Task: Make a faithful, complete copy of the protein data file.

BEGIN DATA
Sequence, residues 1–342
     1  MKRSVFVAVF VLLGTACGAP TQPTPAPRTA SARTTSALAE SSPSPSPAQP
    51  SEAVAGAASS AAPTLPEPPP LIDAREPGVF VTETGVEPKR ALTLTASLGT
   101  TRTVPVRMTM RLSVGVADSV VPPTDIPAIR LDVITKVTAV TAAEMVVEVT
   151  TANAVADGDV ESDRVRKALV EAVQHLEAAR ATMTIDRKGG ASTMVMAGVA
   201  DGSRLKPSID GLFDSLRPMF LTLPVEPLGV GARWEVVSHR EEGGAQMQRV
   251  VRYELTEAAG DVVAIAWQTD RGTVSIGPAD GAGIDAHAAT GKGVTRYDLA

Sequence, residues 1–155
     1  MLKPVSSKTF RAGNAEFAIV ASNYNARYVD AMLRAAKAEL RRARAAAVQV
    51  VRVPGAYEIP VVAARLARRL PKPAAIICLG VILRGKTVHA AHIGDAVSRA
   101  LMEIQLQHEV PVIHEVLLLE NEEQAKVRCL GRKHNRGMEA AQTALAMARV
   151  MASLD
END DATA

Sequence, residues 1–342
     1  MKRSVFVAVF VLLGTACGAP TQPTPAPRTA SARTTSALAE SSPSPSPAQP
    51  SEAVAGAASS AAPTLPEPPP LIDAREPGVF VTETGVEPKR ALTLTASLGT
   101  TRTVPVRMTM RLSVGVADSV VPPTDIPAIR LDVITKVTAV TAAEMVVEVT
   151  TANAVADGDV ESDRVRKALV EAVQHLEAAR ATMTIDRKGG ASTMVMAGVA
   201  DGSRLKPSID GLFDSLRPMF LTLPVEPLGV GARWEVVSHR EEGGAQMQRV
   251  VRYELTEAAG DVVAIAWQTD RGTVSIGPAD GAGIDAHAAT GKGVTRYDLA

Sequence, residues 1–155
     1  MLKPVSSKTF RAGNAEFAIV ASNYNARYVD AMLRAAKAEL RRARAAAVQV
    51  VRVPGAYEIP VVAARLARRL PKPAAIICLG VILRGKTVHA AHIGDAVSRA
   101  LMEIQLQHEV PVIHEVLLLE NEEQAKVRCL GRKHNRGMEA AQTALAMARV
   151  MASLD